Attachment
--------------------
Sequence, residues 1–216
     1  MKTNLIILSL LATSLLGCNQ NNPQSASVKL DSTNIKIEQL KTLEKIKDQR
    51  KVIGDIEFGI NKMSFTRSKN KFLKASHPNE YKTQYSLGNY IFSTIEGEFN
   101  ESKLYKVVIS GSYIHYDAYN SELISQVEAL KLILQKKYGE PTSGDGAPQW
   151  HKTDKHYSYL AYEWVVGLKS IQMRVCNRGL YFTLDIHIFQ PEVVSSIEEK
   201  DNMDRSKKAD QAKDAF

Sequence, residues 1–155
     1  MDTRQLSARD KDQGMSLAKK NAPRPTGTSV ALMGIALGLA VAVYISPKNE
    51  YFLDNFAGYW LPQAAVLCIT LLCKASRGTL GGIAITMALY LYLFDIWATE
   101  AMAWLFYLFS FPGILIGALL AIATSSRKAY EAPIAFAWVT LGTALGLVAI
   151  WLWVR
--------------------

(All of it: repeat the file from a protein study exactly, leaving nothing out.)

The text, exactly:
Sequence, residues 1–216
     1  MKTNLIILSL LATSLLGCNQ NNPQSASVKL DSTNIKIEQL KTLEKIKDQR
    51  KVIGDIEFGI NKMSFTRSKN KFLKASHPNE YKTQYSLGNY IFSTIEGEFN
   101  ESKLYKVVIS GSYIHYDAYN SELISQVEAL KLILQKKYGE PTSGDGAPQW
   151  HKTDKHYSYL AYEWVVGLKS IQMRVCNRGL YFTLDIHIFQ PEVVSSIEEK
   201  DNMDRSKKAD QAKDAF

Sequence, residues 1–155
     1  MDTRQLSARD KDQGMSLAKK NAPRPTGTSV ALMGIALGLA VAVYISPKNE
    51  YFLDNFAGYW LPQAAVLCIT LLCKASRGTL GGIAITMALY LYLFDIWATE
   101  AMAWLFYLFS FPGILIGALL AIATSSRKAY EAPIAFAWVT LGTALGLVAI
   151  WLWVR